Preachers divided on unified written Friday sermon

Adham Youssef
4 Min Read
Azhar shiekhs call for the fall of the regime in Tahrir Square during the 18 of the uprising

Preachers exclaimed different points of view concerning the newly enforced written unified Friday sermon, after the Endowments Ministry tested the new directive on Friday in different mosques.

Since September 2013, the ministry has launched a number of guidelines that aim to limit “radical preaching” in mosques and crackdown on Muslim Brotherhood rhetoric, which back then started to mobilise by using mosques after Friday prayers to call on people to resist what they called the “3 July coup”.

Setting an example of the new method, preacher and Minister of Endowments Mohamed Mokhtar Gomaa gave the Friday sermon in the Amr Ibn Al-Aas mosque in Cairo as state officials attended. Gomaa read from a paper talking about corruption and bribery.

The text of the sermon, which is published weekly on the ministry’s official website, included quotes from the Quran as well as the sayings of the Muslim Prophet to prove and support the condemnation of corruption and nepotism.

Islam Al-Nawawy, a preacher and an official in the ministry, told Daily News Egypt that the difference between now and before is that the text will include an actual sermon to be read. Previously, there were guidelines for the preacher, where he could have explained and interpreted the topic in different ways.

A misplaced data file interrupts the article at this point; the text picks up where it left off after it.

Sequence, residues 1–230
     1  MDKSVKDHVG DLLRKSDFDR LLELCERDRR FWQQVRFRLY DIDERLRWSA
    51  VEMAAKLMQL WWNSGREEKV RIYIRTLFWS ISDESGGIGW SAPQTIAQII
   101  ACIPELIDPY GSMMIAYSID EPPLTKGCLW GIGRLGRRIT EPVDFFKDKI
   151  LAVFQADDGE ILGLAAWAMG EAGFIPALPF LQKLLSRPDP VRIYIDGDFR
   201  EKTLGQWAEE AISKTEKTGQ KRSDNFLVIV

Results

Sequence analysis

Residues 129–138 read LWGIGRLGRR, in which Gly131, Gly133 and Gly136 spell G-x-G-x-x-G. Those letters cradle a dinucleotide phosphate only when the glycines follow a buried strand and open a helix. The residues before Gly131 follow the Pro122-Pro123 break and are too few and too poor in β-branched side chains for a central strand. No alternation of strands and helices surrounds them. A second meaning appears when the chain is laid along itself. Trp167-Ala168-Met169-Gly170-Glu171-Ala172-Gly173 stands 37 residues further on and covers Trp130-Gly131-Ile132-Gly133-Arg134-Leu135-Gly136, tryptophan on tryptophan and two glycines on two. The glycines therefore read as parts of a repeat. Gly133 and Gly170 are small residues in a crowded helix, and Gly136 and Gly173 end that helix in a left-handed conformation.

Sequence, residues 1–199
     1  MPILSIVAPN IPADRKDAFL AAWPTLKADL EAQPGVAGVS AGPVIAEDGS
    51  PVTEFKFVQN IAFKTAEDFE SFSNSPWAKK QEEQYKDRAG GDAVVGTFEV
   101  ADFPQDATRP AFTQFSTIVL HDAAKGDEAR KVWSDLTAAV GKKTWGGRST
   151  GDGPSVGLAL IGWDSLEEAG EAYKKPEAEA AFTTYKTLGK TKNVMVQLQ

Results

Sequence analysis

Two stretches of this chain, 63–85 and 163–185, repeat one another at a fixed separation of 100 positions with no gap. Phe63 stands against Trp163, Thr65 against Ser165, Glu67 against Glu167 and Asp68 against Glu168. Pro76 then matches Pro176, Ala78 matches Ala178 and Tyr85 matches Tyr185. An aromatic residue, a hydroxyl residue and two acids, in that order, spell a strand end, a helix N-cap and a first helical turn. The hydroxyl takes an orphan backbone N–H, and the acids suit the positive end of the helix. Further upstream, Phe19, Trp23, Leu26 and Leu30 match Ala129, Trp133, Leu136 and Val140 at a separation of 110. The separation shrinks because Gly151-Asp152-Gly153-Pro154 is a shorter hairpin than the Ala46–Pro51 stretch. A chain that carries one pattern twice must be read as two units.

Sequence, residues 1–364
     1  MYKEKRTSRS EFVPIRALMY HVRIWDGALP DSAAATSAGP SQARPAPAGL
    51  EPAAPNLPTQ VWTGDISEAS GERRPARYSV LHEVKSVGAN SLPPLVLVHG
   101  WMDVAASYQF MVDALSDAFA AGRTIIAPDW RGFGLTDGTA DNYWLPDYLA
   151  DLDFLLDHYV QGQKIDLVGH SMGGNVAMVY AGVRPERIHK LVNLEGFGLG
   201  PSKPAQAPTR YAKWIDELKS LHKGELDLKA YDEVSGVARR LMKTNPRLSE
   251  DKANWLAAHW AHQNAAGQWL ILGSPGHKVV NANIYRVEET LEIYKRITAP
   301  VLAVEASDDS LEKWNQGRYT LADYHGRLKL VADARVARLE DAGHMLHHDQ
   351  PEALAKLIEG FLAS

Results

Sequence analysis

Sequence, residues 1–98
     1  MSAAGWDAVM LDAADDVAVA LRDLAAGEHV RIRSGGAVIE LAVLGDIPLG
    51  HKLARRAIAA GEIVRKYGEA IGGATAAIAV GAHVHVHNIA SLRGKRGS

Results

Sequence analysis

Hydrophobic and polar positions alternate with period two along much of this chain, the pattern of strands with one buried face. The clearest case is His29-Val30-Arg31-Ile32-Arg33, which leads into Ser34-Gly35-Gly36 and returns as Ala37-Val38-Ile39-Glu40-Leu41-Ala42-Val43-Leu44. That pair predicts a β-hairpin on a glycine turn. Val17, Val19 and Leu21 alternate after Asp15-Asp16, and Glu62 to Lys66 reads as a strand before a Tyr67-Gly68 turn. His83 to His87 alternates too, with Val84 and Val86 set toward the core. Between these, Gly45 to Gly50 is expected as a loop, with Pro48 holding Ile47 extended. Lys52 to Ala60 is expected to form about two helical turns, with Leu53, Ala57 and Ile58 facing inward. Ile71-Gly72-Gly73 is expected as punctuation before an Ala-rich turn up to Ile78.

Al-Nawawy has been chosen by the ministry to write the unified sermon, along with a committee of psychologists, social scientists, Al-Azhar members, and parliamentary members. He, however, refused to comment on the new trend, saying that in a matter of two weeks the sermon will be applied in all mosques.

Another Al-Azhar preacher, who preferred to remain anonymous, said that the unified sermon “will end all the freedom left in religious proselytising. At first it started by unifying the topic, and then unifying the reading. Hence, no preacher can express his opinion or tackle a certain issue according to his background or education. It will be tackled, however, from the point of view of the regime.”

He added that Ijtihad, or independent reasoning, will cease to exist under the new trend as “what we have studied in the Faculty of Proselytising in Al-Azhar University will not be used”.

Preachers of the ministry defended the concept of the unified sermon saying that it will “unify Muslims in the country’s mosques and will limit false information from flowing”.

Al-Sayed Salamah, a preacher and Imam at the ministry in Beheira, wrote on his social media page that the decision will open the door in front of “radical militants to oppose the homeland while justifying fighting for the religion”.

Salamah warned that the decision will widen the gap between the people and scholars. He added that people at first accepted the decision of unifying the topic as an attempt to “fight terrorism, but the second will not be favoured by the masses”.

Gomaa’s ministry has been largely involved in the state’s war on terror. It has banned dozens of other preachers and undertaken further measures to regulate religious speech in Egypt.


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